With regard to the bad faith use element, having carefully considered the facts contained in the case file, the Panel finds that the Complainant failed to meet its burden of proof. It is well established that general allegations or mere assertions of bad faith without supporting facts or specific examples do not supply a sufficient basis upon which a panel may conclude that a respondent acted in bad faith.
According to the Complainant, the Respondent’s bad faith is supposed to result from the facts that the disputed domain name is inactive, that the Respondent’s identity is concealed by a privacy service, and that the MEDIASET Marks have a strong reputation. The Complainant also cites a few precedents, without, however, explaining why the Panel should rely on them.
In turn, the Respondent argues that the term “media set” is merely generic, providing evidence of use of the term by third parties, inter alia IBM, Apple, HP and Microsoft, and states that it registered the disputed domain name in order to sell “media sets” and utilize the disputed domain name to capitalize on its inherent value as a generic or descriptive common term. It further states that it was unable to execute its business plan because Didier Madiba was diagnosed with cancer.
In the view of the Panel, the Complainant’s arguments are not sufficient to infer bad faith use. The Respondent’s identity was disclosed by the registrar upon receipt of the Complaint and thus already disclosed when the Complaint was amended. Furthermore, the use of privacy services in general is not to be objected. Only if a respondent uses a privacy service primarily in order to hinder legal proceedings, this may be an additional argument supporting bad faith behavior. Finally, the fact that the disputed domain name is inactive is, by itself, not sufficient to prove bad faith use either. The Panel is well aware that it is consensus view that the lack of an active use of a disputed domain name does not as such prevent a finding of bad faith. In such cases, the panel must examine all the circumstances of the case to determine whether a respondent is acting in bad faith. Examples of circumstances that can indicate bad faith include a complainant having a well-known trademark, no response to the complaint, concealment of identity and the impossibility of conceiving a good faith use of the domain name (cf. Telstra Corporation Limited v. Nuclear Marshmallows, WIPO Case No. D2000-0003; Jupiters Limited v. Aaron Hall, WIPO Case No. D2000-0574; Ladbroke Group Plc v. Sonoma International LDC, WIPO Case No. D2002-0131). In the present case, there are, however, various possibilities to use the disputed domain name in good faith in connection with its generic meaning. Even if future users landed on an active website of the Respondent, there would be no unfair advantage over the Complainant, as long as the Respondent uses the disputed domain name bona fide in connection with its generic meaning. However, should the Respondent start to use the disputed domain name in bad faith, this may constitute a material new development pursuant to which the Complainant could well have the possibility to re-file a new complaint under the Policy (if applicable principles on re-filed complaints and relevant previous panel decisions contained, for example, in paragraph 4.4 of the WIPO Overview of WIPO Panel Views on Selected UDRP Questions, Second Edition (“WIPO Overview 2.0”).)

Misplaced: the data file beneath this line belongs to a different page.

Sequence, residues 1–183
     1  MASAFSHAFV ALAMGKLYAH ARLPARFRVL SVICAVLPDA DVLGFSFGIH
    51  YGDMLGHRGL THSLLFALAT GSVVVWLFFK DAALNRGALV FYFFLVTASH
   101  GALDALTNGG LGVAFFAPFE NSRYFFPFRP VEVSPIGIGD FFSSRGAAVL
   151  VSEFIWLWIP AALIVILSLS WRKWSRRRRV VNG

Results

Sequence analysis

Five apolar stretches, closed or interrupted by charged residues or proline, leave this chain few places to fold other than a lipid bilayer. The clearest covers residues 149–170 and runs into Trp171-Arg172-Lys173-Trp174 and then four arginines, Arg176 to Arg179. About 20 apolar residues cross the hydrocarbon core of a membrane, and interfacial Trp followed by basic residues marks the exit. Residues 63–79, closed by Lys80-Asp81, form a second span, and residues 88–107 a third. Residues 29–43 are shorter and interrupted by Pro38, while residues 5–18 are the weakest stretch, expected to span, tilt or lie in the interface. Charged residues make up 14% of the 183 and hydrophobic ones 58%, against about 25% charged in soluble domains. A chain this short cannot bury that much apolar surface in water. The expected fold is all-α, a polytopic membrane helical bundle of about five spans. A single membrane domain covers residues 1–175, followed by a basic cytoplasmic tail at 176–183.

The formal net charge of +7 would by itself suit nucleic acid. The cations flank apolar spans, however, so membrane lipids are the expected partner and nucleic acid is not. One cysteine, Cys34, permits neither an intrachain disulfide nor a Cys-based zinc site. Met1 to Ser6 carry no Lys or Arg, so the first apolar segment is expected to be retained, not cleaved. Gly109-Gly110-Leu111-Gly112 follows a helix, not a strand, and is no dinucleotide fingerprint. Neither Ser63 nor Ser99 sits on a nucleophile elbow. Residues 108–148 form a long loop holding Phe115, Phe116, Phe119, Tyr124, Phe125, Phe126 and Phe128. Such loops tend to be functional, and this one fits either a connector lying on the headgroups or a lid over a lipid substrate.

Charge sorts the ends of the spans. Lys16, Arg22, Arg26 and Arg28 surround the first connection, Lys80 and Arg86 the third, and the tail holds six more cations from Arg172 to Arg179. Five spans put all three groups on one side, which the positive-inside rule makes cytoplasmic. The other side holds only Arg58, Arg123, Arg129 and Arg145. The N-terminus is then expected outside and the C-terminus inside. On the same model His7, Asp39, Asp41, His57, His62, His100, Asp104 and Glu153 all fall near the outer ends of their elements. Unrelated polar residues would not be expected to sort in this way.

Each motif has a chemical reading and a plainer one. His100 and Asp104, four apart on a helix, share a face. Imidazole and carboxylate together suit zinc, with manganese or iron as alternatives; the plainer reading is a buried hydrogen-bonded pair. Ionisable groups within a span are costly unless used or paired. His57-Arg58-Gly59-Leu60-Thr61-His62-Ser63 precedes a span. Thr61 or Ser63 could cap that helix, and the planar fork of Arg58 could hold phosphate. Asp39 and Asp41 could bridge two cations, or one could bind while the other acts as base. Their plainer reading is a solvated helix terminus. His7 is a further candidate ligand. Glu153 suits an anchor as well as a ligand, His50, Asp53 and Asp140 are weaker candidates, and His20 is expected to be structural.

Consequently, the Panel concludes that the third element of the Policy has not been met on the present record in these Policy proceedings and that the Complaint must be denied.
For all the foregoing reasons, the Complaint is denied.
The Hon Neil Brown QC
Dated: February 4, 2012